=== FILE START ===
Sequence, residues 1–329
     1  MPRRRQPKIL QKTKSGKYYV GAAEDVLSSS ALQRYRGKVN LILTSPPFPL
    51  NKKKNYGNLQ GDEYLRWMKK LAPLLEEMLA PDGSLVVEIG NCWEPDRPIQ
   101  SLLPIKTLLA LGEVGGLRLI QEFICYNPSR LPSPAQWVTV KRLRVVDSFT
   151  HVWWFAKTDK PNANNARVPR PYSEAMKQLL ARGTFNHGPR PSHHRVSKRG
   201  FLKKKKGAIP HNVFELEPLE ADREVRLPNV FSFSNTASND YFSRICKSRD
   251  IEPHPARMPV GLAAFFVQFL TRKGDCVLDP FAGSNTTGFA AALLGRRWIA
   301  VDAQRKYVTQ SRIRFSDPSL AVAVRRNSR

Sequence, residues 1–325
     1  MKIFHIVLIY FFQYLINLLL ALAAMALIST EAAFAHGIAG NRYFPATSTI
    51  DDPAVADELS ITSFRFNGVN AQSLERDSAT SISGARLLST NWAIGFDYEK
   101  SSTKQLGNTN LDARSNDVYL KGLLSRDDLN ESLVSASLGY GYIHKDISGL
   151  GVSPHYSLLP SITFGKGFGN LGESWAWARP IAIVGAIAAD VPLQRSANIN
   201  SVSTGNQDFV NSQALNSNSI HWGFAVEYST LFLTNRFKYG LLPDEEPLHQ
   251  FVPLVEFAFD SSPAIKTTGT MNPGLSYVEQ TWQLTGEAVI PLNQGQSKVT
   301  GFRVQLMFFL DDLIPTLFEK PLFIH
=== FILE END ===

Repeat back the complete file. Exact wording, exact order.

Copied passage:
Sequence, residues 1–329
     1  MPRRRQPKIL QKTKSGKYYV GAAEDVLSSS ALQRYRGKVN LILTSPPFPL
    51  NKKKNYGNLQ GDEYLRWMKK LAPLLEEMLA PDGSLVVEIG NCWEPDRPIQ
   101  SLLPIKTLLA LGEVGGLRLI QEFICYNPSR LPSPAQWVTV KRLRVVDSFT
   151  HVWWFAKTDK PNANNARVPR PYSEAMKQLL ARGTFNHGPR PSHHRVSKRG
   201  FLKKKKGAIP HNVFELEPLE ADREVRLPNV FSFSNTASND YFSRICKSRD
   251  IEPHPARMPV GLAAFFVQFL TRKGDCVLDP FAGSNTTGFA AALLGRRWIA
   301  VDAQRKYVTQ SRIRFSDPSL AVAVRRNSR

Sequence, residues 1–325
     1  MKIFHIVLIY FFQYLINLLL ALAAMALIST EAAFAHGIAG NRYFPATSTI
    51  DDPAVADELS ITSFRFNGVN AQSLERDSAT SISGARLLST NWAIGFDYEK
   101  SSTKQLGNTN LDARSNDVYL KGLLSRDDLN ESLVSASLGY GYIHKDISGL
   151  GVSPHYSLLP SITFGKGFGN LGESWAWARP IAIVGAIAAD VPLQRSANIN
   201  SVSTGNQDFV NSQALNSNSI HWGFAVEYST LFLTNRFKYG LLPDEEPLHQ
   251  FVPLVEFAFD SSPAIKTTGT MNPGLSYVEQ TWQLTGEAVI PLNQGQSKVT
   301  GFRVQLMFFL DDLIPTLFEK PLFIH